The transport of energy between atoms and molecules is the basis of all life. It is based on interatomic forces, the so-called dipole-dipole interaction. Prof. Dr. Herwig Ott's research group at the Technical University of Kaiserslautern (TUK) has now succeeded in reproducing such a transport mechanism in a disordered system. To do this, the researchers experimentally observed the quantum mechanical interaction between different Rydberg atoms. In this way, they were able to reconstruct the influence of disorder on the distribution and mobility of the excitation energy between the atoms. The scientific journal "Nature Communications" has published the results.
Photosynthesis, for example, illustrates how energy is transported between atoms and molecules: when light hits a cell, its energy is first absorbed by a molecule and then transported between many other, disordered molecules. When this energy package finally arrives at the so-called reaction centre, it is permanently stored in the form of a chemical conversion.
To better understand such transport mechanisms, the research team chose a special experimental approach and entered the quantum regime: "In doing so, we overcame several technological challenges," explains Carsten Lippe, lead author of the study. "This can be seen just by looking at the necessary framework conditions: At an ambient pressure that is about 1000 times lower than in space around the ISS and at temperatures close to absolute zero, some atoms are excited by irradiation with lasers and put into a so-called Rydberg state. In this state, where an electron is placed in a distant orbit around the nucleus of the atom, the atom is about 10000 times larger than in the normal state."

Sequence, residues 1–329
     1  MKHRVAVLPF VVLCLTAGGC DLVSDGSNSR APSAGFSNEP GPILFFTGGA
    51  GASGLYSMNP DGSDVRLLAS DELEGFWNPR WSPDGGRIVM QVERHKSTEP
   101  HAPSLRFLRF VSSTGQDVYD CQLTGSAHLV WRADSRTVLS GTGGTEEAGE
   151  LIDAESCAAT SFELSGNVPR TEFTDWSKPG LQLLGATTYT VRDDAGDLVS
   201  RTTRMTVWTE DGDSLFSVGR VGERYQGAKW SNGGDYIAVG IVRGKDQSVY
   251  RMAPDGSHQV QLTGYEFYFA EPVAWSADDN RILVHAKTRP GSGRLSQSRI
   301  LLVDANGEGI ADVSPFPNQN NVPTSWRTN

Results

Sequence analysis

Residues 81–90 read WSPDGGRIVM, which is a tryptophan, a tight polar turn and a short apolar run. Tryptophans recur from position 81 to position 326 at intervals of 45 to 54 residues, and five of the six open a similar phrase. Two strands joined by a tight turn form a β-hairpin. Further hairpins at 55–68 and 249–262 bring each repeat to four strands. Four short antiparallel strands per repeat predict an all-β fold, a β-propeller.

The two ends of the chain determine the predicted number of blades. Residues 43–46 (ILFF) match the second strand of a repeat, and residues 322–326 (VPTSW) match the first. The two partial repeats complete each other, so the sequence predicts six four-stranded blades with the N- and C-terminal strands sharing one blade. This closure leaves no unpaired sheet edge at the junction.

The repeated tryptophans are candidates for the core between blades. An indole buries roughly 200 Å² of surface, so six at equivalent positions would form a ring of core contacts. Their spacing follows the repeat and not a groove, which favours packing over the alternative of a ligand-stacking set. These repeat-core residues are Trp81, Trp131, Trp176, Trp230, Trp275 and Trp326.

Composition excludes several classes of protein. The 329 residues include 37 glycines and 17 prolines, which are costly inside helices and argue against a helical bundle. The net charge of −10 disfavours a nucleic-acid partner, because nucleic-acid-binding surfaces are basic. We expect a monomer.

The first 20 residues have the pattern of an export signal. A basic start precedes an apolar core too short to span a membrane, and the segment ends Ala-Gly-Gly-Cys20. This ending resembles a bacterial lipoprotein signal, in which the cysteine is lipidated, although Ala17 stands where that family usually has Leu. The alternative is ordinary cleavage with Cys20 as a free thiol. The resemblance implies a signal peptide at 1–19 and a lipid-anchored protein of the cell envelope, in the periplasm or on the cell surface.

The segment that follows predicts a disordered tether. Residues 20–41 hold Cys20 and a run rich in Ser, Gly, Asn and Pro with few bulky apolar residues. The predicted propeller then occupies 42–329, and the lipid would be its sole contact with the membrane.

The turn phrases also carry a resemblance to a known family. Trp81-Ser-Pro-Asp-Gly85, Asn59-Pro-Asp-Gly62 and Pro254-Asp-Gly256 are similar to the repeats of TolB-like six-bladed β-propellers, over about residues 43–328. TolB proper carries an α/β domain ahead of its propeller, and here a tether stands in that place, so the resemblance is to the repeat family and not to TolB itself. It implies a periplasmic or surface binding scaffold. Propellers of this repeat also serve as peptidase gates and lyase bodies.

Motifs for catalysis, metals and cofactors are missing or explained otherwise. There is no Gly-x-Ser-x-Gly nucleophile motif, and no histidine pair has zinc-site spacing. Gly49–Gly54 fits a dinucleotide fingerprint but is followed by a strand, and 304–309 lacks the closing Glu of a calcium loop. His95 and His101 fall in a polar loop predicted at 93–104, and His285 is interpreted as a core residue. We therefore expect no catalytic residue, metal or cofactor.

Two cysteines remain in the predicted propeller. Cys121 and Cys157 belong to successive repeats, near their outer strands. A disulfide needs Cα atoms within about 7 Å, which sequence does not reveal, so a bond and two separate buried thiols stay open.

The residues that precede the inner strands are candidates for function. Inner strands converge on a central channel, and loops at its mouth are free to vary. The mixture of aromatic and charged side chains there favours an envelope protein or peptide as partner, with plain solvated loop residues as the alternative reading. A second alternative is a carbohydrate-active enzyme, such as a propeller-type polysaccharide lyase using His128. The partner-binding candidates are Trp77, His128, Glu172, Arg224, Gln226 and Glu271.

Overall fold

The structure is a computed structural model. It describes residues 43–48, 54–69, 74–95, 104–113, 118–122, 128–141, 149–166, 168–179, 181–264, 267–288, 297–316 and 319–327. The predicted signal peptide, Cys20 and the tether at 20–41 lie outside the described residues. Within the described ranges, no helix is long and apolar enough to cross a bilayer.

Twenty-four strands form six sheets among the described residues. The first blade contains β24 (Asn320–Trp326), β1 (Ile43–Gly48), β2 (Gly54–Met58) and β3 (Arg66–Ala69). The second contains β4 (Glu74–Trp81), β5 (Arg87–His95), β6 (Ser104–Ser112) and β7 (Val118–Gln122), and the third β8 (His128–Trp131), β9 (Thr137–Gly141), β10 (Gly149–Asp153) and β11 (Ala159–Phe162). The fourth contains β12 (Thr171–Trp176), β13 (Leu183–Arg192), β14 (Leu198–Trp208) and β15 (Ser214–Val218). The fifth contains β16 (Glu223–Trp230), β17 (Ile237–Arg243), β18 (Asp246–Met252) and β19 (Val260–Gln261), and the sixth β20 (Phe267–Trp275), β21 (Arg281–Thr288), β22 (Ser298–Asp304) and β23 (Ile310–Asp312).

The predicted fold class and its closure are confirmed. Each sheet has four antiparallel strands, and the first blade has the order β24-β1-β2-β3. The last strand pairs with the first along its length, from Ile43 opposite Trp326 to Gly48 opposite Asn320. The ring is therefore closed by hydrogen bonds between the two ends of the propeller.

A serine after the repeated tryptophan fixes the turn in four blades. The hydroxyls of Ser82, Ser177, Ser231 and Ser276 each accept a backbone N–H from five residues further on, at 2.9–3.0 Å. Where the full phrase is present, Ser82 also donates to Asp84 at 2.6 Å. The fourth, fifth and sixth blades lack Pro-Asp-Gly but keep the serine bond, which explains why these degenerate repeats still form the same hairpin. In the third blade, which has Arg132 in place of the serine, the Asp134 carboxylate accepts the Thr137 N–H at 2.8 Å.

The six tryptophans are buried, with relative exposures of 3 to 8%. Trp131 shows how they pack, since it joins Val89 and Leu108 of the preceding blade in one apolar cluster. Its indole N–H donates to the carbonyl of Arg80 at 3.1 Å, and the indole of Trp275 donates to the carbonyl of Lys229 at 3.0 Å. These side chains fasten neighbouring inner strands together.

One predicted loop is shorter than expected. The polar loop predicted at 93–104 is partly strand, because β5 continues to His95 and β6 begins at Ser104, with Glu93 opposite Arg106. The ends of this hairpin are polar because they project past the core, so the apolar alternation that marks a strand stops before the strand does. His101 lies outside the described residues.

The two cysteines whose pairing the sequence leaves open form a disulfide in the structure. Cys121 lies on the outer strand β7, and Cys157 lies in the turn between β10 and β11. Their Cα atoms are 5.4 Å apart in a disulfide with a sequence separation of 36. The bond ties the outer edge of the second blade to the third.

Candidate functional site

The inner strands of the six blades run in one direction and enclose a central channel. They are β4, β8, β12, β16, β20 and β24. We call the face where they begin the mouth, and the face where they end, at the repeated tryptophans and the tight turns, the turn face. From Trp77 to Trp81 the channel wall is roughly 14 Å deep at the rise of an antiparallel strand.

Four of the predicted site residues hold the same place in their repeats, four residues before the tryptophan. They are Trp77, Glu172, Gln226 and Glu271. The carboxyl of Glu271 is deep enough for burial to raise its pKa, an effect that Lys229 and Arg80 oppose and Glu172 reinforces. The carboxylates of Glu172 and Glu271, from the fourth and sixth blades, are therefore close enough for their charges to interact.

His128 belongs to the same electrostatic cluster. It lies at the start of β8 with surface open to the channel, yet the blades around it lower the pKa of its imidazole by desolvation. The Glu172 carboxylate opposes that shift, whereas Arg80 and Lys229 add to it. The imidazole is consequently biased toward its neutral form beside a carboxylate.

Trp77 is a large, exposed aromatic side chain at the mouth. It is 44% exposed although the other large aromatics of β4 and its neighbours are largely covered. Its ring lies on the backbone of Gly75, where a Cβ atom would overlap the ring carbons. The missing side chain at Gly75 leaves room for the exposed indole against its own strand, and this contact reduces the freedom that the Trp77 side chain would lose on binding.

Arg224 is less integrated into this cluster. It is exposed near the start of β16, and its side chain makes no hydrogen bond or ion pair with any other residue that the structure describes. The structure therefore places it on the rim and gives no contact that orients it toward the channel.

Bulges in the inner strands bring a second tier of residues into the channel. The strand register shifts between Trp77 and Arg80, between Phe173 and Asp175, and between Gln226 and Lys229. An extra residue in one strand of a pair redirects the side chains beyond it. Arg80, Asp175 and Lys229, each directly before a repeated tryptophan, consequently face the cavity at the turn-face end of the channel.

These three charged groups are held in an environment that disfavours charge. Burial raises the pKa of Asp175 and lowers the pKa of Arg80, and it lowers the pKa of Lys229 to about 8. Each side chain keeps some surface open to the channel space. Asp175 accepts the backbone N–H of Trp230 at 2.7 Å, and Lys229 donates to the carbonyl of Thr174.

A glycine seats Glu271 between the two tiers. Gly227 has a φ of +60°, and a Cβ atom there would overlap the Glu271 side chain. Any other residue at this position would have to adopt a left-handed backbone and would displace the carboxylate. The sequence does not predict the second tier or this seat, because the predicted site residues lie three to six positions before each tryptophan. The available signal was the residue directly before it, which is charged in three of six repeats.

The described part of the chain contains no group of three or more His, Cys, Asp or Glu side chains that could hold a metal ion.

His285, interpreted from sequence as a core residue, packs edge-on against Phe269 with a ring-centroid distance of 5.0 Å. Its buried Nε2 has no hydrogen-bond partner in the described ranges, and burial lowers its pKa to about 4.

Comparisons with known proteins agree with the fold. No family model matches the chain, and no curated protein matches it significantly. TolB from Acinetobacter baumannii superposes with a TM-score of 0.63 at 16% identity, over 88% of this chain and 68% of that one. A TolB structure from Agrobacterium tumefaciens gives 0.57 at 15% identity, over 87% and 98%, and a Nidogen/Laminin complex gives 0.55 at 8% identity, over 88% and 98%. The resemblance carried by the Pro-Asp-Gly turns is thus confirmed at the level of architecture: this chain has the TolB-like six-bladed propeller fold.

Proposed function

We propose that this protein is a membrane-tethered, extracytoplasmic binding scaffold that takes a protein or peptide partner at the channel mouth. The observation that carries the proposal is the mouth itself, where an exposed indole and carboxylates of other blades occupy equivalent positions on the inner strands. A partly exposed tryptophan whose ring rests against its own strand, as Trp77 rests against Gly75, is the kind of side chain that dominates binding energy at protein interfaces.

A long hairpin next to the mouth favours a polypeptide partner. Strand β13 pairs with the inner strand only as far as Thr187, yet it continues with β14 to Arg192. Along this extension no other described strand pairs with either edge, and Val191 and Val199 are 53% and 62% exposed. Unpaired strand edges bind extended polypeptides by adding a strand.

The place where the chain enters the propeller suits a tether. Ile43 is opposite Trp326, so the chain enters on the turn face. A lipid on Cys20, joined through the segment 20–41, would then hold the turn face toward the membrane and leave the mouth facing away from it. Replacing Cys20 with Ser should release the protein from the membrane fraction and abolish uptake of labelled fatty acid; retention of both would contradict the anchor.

This gigantic size makes an atom in the Rydberg state very sensitive to other such atoms, thus allowing interactions between atoms to be studied experimentally that would otherwise take place on much smaller length scales.
In their experiment, the researchers have now used different laser systems to successively create two different types of Rydberg atoms and investigate the energy transport between them. In the process, they have discovered quantum physical effects that contradict our everyday imagination. "Classically, one can imagine such a transport process as a hopping process. The energy or excitation jumps back and forth between the molecules. In quantum physics, this is different due to the so-called superposition principle: The excitation can, for example, also hop to several molecules at the same time and thus be transported much more efficiently in the system. This is called coherent transport," says Ott.
The researchers were able to show that the proportion of classical hopping and coherent transport can be adjusted in a controlled manner in the experiment. This is done by tiny changes in the wavelength of the excitation lasers used. "Normally, quantum physical effects are fragile and disappear as soon as perturbations are present, such as those caused by the atomic disorder in the gas in the present system," says Thomas Niederprüm, who led the work together with Ott. "The fact that these effects could be observed in the study can help us to better understand other complex systems. In this context, the interaction between the Rydberg atoms can be transferred to other areas of current research, for example to the absorption the transport of light in molecules during photosynthesis. Recent studies have shown that quantum mechanical effects also play an important role in photosynthesis and that the energy transport takes place surprisingly loss-free despite the disorder.
The work on this study took place within the framework of the collaborative research centre OSCAR ("Open System Control of Atomic and Photonic Matter"), in which TUK is jointly funded with the University of Bonn by the German Research Foundation. The results of the measurements and simulations as well as a description of the experimental setup have been published in the renowned journal "Nature Communications":
„Experimental realization of a 3D random hopping model“; Carsten Lippe, Tanita Klas,
Jana Bender, Patrick Mischke, Thomas Niederprüm & Herwig Ott. The English-language
article is available free of charge.
Prof. Dr. Herwig Ott
Fachgebiet Ultrakalte Quantengase und Quantenatomoptik / TU Kaiserslautern
Tel.: 0631 205-2817